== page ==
Technology companies like to portray artificial intelligence as a precise and powerful tool for good. Kate Crawford says that mythology is flawed. In her book Atlas of AI, she visits a lithium mine, an Amazon warehouse, and a 19th-century phrenological skull archive to illustrate the natural resources, human sweat, and bad science underpinning some versions of the technology. Crawford, a professor at the University of Southern California and researcher at Microsoft, says many applications and side effects of AI are in urgent need of regulation.
Crawford recently discussed these issues with WIRED senior writer Tom Simonite. An edited transcript follows.
WIRED: Few people understand all the technical details of artificial intelligence. You argue that some experts working on the technology misunderstand AI more deeply.
KATE CRAWFORD: It is presented as this ethereal and objective way of making decisions, something that we can plug into everything from teaching kids to deciding who gets bail. But the name is deceptive: AI is neither artificial nor intelligent.
AI is made from vast amounts of natural resources, fuel, and human labor. And it’s not intelligent in any kind of human intelligence way. It’s not able to discern things without extensive human training, and it has a completely different statistical logic for how meaning is made. Since the very beginning of AI back in 1956, we’ve made this terrible error, a sort of original sin of the field, to believe that minds are like computers and vice versa. We assume these things are an analog to human intelligence and nothing could be further from the truth.
You take on that myth by showing how AI is constructed. Like many industrial processes it turns out to be messy. Some machine learning systems are built with hastily collected data, which can cause problems like face recognition services more error prone on minorities.
We need to look at the nose to tail production of artificial intelligence. The seeds of the data problem were planted in the 1980s, when it became common to use data sets without close knowledge of what was inside, or concern for privacy. It was just “raw” material, reused across thousands of projects.
This evolved into an ideology of mass data extraction, but data isn’t an inert substance—it always brings a context and a politics. Sentences from Reddit will be different from those in kids’ books. Images from mugshot databases have different histories than those from the Oscars, but they are all used alike. This causes a host of problems downstream. In 2021, there’s still no industry-wide standard to note what kinds of data are held in training sets, how it was acquired, or potential ethical issues.
You trace the roots of emotion recognition software to dubious science funded by the Department of Defense in the 1960s. A recent review of more than 1,000 research papers found no evidence a person’s emotions can be reliably inferred from their face.
Emotion detection represents the fantasy that technology will finally answer questions that we have about human nature that are not technical questions at all. This idea that’s so contested in the field of psychology made the jump into machine learning because it is a simple theory that fits the tools. Recording people’s faces and correlating that to simple, predefined, emotional states works with machine learning—if you drop culture and context and that you might change the way you look and feel hundreds of times a day.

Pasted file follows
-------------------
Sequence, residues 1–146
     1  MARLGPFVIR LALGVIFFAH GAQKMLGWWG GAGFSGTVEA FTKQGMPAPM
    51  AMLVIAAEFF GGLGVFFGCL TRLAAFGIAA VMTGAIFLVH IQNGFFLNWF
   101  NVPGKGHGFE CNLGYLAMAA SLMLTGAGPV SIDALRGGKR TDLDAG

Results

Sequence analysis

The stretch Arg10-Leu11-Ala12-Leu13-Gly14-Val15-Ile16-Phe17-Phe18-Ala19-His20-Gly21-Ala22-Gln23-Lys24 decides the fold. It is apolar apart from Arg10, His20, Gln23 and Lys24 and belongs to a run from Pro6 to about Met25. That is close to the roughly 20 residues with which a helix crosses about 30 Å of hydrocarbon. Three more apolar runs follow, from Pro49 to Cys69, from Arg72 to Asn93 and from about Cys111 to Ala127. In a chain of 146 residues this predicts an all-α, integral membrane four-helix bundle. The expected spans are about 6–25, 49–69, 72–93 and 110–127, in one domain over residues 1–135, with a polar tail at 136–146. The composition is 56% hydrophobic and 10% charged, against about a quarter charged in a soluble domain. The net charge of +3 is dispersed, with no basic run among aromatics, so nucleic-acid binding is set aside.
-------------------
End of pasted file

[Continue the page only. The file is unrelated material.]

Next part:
That also becomes a feedback loop: Because we have emotion detection tools, people say we want to apply it in schools and courtrooms and to catch potential shoplifters. Recently companies are using the pandemic as a pretext to use emotion recognition on kids in schools. This takes us back to the phrenological past, this belief that you detect character and personality from the face and the skull shape.
You contributed to recent growth in research into how AI can have undesirable effects. But that field is entangled with people and funding from the tech industry, which seeks to profit from AI. Google recently forced out two respected researchers on AI ethics, Timnit Gebru and Margaret Mitchell. Does industry involvement limit research questioning AI?
I can’t speak to what happened inside Google, but what I’ve seen is incredibly troubling. It’s important that we have researchers inside technology companies seeing how these systems work and publishing about it.
We’ve seen research focused too narrowly on technical fixes and narrow mathematical approaches to bias, rather than a wider-lensed view of how these systems integrate with complex and high stakes social institutions like criminal justice, education, and health care. I would love to see research focus less on questions of ethics and more on questions of power. These systems are being used by powerful interests who already represent the most privileged in the world.
Is AI still useful?
Let’s be clear: Statistical prediction is incredibly useful; so is an Excel spreadsheet. But it comes with its own logic, its own politics, its own ideologies that people are rarely made aware of.
And we’re relying on systems that don’t have the sort of safety rails you would expect for something so influential in everyday life. We have a regulation emergency: There are tools actually causing harm that are completely unregulated.
Do you see that changing soon?
We’re getting closer. We have Alondra Nelson in the White House Office of Science and Technology Policy, who has written about the fact that you cannot escape the politics of technology. And we’re starting to see a new coalition of activists and researchers seeing that the interrelatedness of capitalism and computation is core to climate justice, and labor rights, and racial justice. I’m optimistic.
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